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I've got a debian-machine running several services, like apache with http and https, jabber and an openssh server for administration. The ssh-server is not running on port 22. It's on something like port 62111. I secure the openssh with fail2ban. So whenever an attacker tries to connect to ssh on port 62111 he has got two tries before being banned for two day by fail2ban on port 62111.

I would like to start a (fake) SSH-Server on Port 22 and whenever someone tries to connect to that port he gets banned on all port by iptables forever or at least until i drop the iptables rule. Any legal SSH connection will not try to ssh to port 22, because every administrator knows the correct SSH-port.

The idea is that an attacker will try to attack port 22 first. Therefore he hasn't even got a chance to try to SSH to port 62111. I don't care about those cracker to see my website. So it's fine to block them on any port (including 80 and 443).

Any suggestion on how to do this?

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1  
You can do this with TCP wrappers and fail2ban - just set up a hosts.allow recipe which triggers a an event caught by fail2ban. –  symcbean Sep 7 '13 at 22:21
    
That sounds like portsentry –  tylerl Sep 8 '13 at 0:34
    
Frankly your biggest threat vector is your web service. Most successful attacks on web servers occur due to weaknesses in the engineering of the web service. Your points on SSH are still a valid concern but dont forget to expend the same amount of effort on all services you provide for public consumption. –  Matthew Ife Sep 28 '13 at 17:06

4 Answers 4

I will try to suggest you another solution for the paranoid:)

http://www.portknocking.org/view/

It works by requiring connection attempts to a series of predefined closed ports. When the correct sequence of port "knocks" (connection attempts) is received, the firewall opens certain port(s) to allow a connection.

And of course only ssh key authentication.

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No good idea (IMHO).

A connection to port 22 does not automaticly mean someone is trying to break in to your server.

To protect your server from hacker/cracker follow some simple rules (ex).

  • Use tools like fail2ban wise
  • keep your services (ssh, http,...) always up to date
  • use strong passwords (and change them circular)
  • use ssh-keys for sshd and disable password authentication
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Can you provide an example of a legitimate attempt to connect to port 22? –  symcbean Sep 7 '13 at 22:22
2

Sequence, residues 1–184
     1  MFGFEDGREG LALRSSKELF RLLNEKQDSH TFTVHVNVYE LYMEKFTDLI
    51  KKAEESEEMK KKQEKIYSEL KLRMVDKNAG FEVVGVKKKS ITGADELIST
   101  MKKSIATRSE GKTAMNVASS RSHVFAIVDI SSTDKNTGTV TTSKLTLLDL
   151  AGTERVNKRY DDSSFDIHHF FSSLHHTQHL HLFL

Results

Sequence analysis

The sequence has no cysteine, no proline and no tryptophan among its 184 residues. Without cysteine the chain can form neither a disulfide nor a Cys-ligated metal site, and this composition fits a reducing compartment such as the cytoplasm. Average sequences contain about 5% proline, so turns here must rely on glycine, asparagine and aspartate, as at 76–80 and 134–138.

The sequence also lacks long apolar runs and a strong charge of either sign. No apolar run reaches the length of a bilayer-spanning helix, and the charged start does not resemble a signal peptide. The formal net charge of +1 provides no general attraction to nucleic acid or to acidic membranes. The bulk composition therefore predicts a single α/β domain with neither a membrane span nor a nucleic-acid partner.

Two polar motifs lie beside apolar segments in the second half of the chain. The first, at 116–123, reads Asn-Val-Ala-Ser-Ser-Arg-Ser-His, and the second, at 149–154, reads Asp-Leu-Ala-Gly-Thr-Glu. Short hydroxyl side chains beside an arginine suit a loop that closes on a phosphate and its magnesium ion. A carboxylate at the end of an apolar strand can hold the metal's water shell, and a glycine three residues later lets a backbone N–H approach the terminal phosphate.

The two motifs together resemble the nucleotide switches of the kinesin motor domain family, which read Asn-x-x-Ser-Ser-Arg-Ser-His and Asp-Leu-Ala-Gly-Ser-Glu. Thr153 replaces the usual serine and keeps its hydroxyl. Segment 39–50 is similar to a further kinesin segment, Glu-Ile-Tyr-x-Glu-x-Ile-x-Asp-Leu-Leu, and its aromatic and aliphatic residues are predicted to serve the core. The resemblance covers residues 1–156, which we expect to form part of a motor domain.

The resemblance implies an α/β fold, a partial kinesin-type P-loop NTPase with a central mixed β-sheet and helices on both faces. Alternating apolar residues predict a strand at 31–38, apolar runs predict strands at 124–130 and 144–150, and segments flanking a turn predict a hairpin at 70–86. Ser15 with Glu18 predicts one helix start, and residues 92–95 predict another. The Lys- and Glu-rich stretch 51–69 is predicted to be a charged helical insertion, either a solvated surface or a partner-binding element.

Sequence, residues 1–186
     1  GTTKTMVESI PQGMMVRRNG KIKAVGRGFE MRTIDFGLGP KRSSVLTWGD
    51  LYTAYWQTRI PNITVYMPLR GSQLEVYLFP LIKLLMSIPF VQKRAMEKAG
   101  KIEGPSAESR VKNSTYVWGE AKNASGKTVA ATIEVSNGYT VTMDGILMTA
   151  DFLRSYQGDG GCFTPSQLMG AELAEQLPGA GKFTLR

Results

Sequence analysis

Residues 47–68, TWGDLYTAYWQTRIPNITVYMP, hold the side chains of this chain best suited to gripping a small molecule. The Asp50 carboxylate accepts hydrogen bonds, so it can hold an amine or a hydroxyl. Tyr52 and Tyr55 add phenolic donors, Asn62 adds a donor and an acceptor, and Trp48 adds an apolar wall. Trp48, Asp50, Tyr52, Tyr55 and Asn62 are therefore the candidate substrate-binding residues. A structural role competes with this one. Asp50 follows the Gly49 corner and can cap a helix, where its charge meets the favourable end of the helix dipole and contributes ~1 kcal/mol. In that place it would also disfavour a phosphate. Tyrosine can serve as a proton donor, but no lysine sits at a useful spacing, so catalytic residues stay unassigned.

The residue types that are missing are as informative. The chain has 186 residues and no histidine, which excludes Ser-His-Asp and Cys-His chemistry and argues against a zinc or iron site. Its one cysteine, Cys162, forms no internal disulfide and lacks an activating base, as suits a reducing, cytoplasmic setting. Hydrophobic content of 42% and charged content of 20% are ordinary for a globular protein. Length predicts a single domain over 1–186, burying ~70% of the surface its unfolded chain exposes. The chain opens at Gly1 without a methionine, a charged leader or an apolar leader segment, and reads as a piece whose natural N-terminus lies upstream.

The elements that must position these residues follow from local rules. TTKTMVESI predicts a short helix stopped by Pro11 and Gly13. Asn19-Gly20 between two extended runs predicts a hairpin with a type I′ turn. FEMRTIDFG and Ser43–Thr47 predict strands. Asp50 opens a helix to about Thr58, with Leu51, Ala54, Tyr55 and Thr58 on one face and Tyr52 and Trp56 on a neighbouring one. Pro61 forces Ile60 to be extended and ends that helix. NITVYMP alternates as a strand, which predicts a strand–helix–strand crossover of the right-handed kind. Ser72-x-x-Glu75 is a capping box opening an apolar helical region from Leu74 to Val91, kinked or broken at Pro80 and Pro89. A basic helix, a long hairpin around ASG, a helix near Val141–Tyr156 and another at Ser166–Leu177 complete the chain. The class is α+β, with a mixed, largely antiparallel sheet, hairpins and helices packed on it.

A NAGIOS-like system looking for an ssh banner to determine that the service is up? –  MadHatter Sep 8 '13 at 5:53
    
I upvoted because I think all of this is in general better advise to take on board, but the submitter has never made it clear he isn't doing all of this already. You should always have a try at multiple layers of security. –  Matthew Ife Sep 28 '13 at 17:03

I you want to run sshd on other port and still use same fail2ban etc - i've found a very nice, similar manual here: http://www.kudos.be/multiple_sshd

Will re-post and change things for you here:

The goal is to run same daemon with on two different ports and disable any kind of authentication on one instance.

  1. Copy configuration:

    cd /etc/ssh/sshd_config /etc/ssh/sshd_config-fake

  2. change configuration according to this:

    change Port, SyslogFacility, *Authentication strings (disable for fake), PidFile

  3. create symlink: ln -s /usr/sbin/sshd /usr/sbin/sshd-fake

  4. create init script: cp /etc/init.d/sshd /etc/init.d/sshd-fake and modify contents of sshd-fake file accordingly.

  5. change /etc/sysconfig/sshd-fake: OPTIONS="-f /etc/ssh/sshd_config-fake"

  6. add service chkconfig --add sshd-fake

  7. create pam configuration: cp /etc/pam.d/sshd /etc/pam.d/sshd-fake

  8. edit /etc/pam.d/sshd-fake and disallow everything, or use different method, like allow users listed from file: http://linux.die.net/man/8/pam_listfile

  9. restart services: service sshd restart;service sshd-fake restart;chkconfig sshd-fake on

  10. configure fail2ban accordingly

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This might not be the most elegant, but it should be quick and functional:

iptables -I INPUT --m recent --name blocked --rcheck -j DROP
iptables -I INPUT -p tcp --dport 22 -m state --state NEW -m recent --name blocked --set

Explanation:

Insert a firwall rule (at the top) in the input chain, that checks to see if the source address of the packet is currently in the "blocked" list, and if it is, DROP it.

Insert another firewall rule (above the one we just inserted) in the input chain that adds the source address of any connection attempt to port 22 to the "blocked" list.

I don't see the need to actually run a (fake) server, or any listener at all on port 22.

Edit: Looking at my answer, I want to add that you probably should timeout your blocked list in some other way than

"forever or at least until i drop the iptables rule"

because you will get a lot of hits from dynamic ip addresses that will be later (within a matter of hours, or even minutes) reassigned to legitimate users.

See: http://www.netfilter.org/documentation/HOWTO/netfilter-extensions-HOWTO-3.html#ss3.16

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